Is it important to have a Crisis Communication Plan?
Yes. A crisis which is poorly managed can destroy company value and reputation in a matter of hours.
A crisis can and will strike anytime, anywhere and leave a path of destruction in its wake.
If your organisation doesn’t have a strong crisis communication plan in place, pay attention and follow the steps below as a framework to your communications strategy.
P.S You may think it will never ever happen to your organisation, but the truth is, every organisation is at risk, especially at a time when one damaging tweet can turn into a huge problem overnight for you and your stakeholders.
In this post we will outline the building blocks of your strategy including:
- Defining a crisis in your organisation
- Your Holding Statement
- Key Messages
- Case Studies
- Media Training
Crisis Communication Plan Step 1: Your definition of a Crisis.
One of the most important but very often overlooked parts of every crisis plan.
Ignoring or overlooking this step may result in a badly handled crisis, a media battering and unhappy clients. The advice? Prepare for all eventualities.
Organise a brainstorming session with key people in your team and create a list of potential crises which could damage the organisation and brand.
Outline the main stakeholders who may be affected by the crises and detail how you would react in each situation – the response you will give, best/worst case scenarios.
Capture the session using the sample topics below, adding more columns if you wish.
This will form the basis of your crisis communication strategy.
Crisis Communication Plan Step 2. Invest in a Good Monitoring System
Investing in a good monitoring system can help stop a small fire spreading like wildfire.
Hootsuite is a favourite of ours for keeping track of what’s being said about the brand across Twitter. It’s incredibly user friendly and best of all you can monitor a few channels for free.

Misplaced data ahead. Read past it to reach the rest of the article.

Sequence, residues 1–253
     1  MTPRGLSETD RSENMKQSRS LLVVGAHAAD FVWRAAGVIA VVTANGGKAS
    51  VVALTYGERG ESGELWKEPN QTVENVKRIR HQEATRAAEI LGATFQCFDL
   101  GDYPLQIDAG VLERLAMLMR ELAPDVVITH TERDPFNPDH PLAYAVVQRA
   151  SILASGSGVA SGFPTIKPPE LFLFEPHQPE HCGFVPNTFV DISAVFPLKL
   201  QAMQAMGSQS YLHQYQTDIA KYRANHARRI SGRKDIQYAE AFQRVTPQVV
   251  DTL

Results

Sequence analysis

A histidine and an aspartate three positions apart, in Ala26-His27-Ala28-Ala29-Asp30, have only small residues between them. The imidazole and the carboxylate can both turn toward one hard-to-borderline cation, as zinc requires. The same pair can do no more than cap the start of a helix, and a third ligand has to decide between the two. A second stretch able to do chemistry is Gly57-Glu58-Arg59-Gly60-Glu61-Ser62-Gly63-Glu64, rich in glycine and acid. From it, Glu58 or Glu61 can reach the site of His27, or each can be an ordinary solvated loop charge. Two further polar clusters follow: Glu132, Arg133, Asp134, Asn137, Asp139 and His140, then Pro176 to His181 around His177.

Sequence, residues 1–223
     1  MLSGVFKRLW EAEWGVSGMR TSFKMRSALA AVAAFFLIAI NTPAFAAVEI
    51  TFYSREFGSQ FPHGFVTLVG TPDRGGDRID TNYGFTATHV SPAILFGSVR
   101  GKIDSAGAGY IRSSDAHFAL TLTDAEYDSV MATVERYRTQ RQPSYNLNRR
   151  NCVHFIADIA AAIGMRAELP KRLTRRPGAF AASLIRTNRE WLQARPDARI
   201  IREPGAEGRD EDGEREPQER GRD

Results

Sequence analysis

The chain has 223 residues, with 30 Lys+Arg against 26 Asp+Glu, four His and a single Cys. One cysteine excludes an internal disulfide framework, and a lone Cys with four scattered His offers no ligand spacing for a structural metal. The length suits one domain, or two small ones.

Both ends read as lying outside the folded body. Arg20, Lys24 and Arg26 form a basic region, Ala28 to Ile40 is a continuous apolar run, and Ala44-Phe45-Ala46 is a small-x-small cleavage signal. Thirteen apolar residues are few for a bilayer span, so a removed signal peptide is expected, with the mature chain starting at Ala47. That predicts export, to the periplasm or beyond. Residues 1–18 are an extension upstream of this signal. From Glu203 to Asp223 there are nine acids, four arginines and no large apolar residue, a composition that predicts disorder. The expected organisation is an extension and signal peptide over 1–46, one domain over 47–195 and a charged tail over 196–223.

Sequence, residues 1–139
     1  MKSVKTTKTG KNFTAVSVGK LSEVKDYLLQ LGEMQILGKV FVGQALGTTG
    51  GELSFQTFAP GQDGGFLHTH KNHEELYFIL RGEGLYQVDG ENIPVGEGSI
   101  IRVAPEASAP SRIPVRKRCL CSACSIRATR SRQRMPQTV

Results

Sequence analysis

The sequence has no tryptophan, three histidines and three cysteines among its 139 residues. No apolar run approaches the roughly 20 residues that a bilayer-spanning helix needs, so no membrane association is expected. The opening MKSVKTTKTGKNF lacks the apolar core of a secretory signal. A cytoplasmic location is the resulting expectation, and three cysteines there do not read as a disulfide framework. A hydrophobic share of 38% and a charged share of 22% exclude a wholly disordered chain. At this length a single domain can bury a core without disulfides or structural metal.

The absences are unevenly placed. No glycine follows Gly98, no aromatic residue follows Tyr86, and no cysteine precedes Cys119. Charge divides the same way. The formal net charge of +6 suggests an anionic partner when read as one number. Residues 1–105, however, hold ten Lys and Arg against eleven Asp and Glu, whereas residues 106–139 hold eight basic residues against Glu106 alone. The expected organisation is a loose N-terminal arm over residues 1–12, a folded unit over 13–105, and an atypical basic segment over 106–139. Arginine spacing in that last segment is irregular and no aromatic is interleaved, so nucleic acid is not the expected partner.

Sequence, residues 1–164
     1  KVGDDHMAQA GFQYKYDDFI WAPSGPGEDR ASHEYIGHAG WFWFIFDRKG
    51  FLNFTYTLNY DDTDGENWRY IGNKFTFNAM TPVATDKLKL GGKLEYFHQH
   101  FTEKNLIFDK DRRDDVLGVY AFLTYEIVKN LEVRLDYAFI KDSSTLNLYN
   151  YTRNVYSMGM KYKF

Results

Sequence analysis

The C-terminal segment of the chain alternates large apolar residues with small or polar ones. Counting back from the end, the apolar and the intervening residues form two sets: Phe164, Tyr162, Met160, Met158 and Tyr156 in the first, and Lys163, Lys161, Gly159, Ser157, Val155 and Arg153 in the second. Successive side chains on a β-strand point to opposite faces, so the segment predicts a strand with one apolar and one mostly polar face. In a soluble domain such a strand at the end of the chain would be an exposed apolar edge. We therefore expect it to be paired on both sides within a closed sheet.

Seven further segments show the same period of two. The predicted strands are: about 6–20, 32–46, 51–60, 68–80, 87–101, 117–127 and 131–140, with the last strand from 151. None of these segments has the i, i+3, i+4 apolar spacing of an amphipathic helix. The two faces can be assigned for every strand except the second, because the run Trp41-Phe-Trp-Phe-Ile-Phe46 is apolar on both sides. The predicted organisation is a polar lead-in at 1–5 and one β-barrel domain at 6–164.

There are plenty of free and subscription options out there to suit your organisations needs.
It’s also worth taking advantage of the free trial periods before investing in a subscription service.
Some programmes and platforms are easier to navigate than others so do try before you buy!
Brandwatch have just recently updated their post on social media monitoring tools which is definitely worth a look!
Along with Hootsuite we recommend setting up Google Alert notifications – it’s free and delivers any mention of your brand, organisation or product straight to your inbox.
Crisis Communication Plan Step 3. Draft your Holding Statement
A situation may occur where you don’t know all of the facts and are hesitant to comment until the situation becomes clearer.
Rather than run the risk of a media frenzy, you can issue a holding statement to inform stakeholders that you are working on the issue, and will have an update as soon as possible.
This buys you enough time to gather all of the facts and draft an appropriate response.
Update early and often. Issue short statements and keep key stakeholders informed of any developments, minor or major.
Keep the channels of communication open at all times.
Better the update coming from you than a ‘source’. That’s how the rumour mill starts.
Crisis Communication Plan step 4. Nail down your key messages
When facing the media in a crisis situation it’s imperative that you retain a level of editorial control.
While you cannot predict the exact nature of the questions, you can predict how best to answer them.